Boseman died at his home in the Los Angeles area with his wife and family by his side, his publicist Nicki Fioravante told The Associated Press.
Boseman was diagnosed with colon cancer four years ago, his family said in a statement.
A South Carolina native, Boseman graduated in 2000 from Howard University, a historically Black college in Washington, DC. While there, he also attended the British American Drama Academy at Oxford in 1998, according to Howard’s website.
“It is with profound sadness that we mourn the loss of alumnus Chadwick Boseman who passed away this evening.
His incredible talent will forever be immortalized through his characters and through his own personal journey from student to superhero! Rest in Power, Chadwick!” University President Wayne A. I. Frederick said in a statement.
Boseman’s breakout performance came in 2013 when he played Jackie Robinson in the film “42,” according to Howard’s website.
“His transcendent performance in ’42’ will stand the test of time and serve as a powerful vehicle to tell Jackie’s story to audiences for generations to come,” Major League Baseball tweeted from their official Twitter account Friday.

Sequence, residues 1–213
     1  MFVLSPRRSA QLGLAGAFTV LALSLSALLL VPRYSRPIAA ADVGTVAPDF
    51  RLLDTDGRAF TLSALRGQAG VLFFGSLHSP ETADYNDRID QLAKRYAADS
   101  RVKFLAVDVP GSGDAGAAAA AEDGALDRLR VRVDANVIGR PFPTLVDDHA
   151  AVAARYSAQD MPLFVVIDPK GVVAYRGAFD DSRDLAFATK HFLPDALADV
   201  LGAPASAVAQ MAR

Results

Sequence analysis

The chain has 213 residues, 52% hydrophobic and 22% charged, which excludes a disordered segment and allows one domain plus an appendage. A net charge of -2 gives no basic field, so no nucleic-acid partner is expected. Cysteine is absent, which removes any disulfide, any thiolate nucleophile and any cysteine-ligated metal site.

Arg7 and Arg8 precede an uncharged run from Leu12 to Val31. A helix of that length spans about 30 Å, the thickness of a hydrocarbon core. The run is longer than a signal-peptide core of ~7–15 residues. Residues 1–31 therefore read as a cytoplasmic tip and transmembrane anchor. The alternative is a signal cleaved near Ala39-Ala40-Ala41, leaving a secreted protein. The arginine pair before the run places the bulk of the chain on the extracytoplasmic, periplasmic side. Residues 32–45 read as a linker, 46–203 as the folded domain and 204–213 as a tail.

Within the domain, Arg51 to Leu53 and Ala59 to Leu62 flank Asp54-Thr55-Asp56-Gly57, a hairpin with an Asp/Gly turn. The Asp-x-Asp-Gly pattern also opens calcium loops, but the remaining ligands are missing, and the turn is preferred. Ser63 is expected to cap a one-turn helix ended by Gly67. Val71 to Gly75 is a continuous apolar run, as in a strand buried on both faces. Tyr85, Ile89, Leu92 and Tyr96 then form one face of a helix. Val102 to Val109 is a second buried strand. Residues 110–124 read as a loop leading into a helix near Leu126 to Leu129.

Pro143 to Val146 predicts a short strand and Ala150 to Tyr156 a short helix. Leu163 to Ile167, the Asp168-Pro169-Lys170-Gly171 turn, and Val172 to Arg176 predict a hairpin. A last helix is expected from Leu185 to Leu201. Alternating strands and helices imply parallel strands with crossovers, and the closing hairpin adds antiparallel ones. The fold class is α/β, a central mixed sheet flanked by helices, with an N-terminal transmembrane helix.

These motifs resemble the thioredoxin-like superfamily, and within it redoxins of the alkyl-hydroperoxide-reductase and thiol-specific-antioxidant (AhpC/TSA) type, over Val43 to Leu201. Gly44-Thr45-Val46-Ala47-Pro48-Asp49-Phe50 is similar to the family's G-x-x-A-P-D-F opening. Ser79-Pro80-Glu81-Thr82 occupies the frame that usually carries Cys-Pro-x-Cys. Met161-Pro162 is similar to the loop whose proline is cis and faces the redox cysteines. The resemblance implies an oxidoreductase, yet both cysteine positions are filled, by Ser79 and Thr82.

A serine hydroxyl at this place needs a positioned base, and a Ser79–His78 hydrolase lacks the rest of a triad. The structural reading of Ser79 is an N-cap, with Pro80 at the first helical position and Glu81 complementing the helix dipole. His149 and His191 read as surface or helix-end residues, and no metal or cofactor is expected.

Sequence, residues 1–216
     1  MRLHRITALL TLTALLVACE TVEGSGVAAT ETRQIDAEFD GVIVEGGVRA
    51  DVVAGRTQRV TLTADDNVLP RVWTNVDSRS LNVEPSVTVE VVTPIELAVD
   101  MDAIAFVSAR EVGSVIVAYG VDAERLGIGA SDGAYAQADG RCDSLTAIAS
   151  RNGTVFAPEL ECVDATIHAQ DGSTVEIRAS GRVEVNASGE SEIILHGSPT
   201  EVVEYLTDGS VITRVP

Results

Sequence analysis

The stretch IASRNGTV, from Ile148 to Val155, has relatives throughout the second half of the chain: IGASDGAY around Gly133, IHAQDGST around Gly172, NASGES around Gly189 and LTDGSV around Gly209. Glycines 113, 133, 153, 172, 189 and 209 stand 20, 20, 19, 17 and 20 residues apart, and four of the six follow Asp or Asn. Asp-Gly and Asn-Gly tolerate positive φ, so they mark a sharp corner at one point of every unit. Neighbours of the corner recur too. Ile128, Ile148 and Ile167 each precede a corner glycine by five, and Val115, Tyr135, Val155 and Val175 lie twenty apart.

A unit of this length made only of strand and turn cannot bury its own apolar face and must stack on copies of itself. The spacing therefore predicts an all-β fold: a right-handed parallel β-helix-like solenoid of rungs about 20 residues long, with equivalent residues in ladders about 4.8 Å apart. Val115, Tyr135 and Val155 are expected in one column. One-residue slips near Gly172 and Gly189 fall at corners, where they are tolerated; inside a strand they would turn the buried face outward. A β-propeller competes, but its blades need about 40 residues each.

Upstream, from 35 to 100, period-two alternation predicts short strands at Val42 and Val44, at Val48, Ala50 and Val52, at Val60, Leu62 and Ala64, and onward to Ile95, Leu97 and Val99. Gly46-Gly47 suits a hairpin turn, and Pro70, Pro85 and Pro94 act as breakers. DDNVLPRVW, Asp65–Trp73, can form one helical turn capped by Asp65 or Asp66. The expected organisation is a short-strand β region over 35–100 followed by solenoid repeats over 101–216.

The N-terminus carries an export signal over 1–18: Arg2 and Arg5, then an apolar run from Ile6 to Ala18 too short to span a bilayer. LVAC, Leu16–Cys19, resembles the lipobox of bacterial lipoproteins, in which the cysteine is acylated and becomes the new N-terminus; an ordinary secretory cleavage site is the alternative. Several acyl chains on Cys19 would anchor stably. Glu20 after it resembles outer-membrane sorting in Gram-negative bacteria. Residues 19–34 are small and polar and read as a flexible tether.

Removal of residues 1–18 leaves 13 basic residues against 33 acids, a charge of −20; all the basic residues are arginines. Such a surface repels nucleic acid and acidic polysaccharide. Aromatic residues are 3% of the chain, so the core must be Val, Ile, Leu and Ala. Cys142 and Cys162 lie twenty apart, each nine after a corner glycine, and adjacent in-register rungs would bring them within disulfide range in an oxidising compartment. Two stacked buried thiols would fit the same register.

Boseman made his Marvel Cinematic Universe debut in 2016 as T’Challa/Black Panther in “Captain America: Civil War,” according to Howard.
Black Panther then got his own stand-alone movie that released in 2018, which broke box office records. Marvel Studios president had previously announced the second movie of the “Black Panther” saga would debut in theaters in May 2022.
Chadwick Boseman, who played Black icons Jackie Robinson and James Brown before finding fame as the regal Black Panther in the Marvel cinematic universe, passed away on Friday of cancer
The actor starred in other films, including playing James Brown in “Get On Up” and Thurgood Marshall in “Marshall.”
Boseman returned to his alma mater in 2018 to give the commencement speech. He concluded with his iconic “Wakanda Forever” salute.
During his speech, the actor told the graduates about his early days acting on soap operas, saying he was fired from an unnamed production during his early acting days after he questioned what he felt was its stereotypical portrayal of Black characters.
“The struggles along the way are only meant to shape you for your purpose,” he said at the time.
In a statement following Boseman’s death, Martin Luther King III said the actor “brought history to life” with his roles.
“As Black Panther, he was also a superhero to many,” he wrote on Twitter. “And despite his 4 year long battle with cancer, he kept fighting and he kept inspiring. He will be missed.”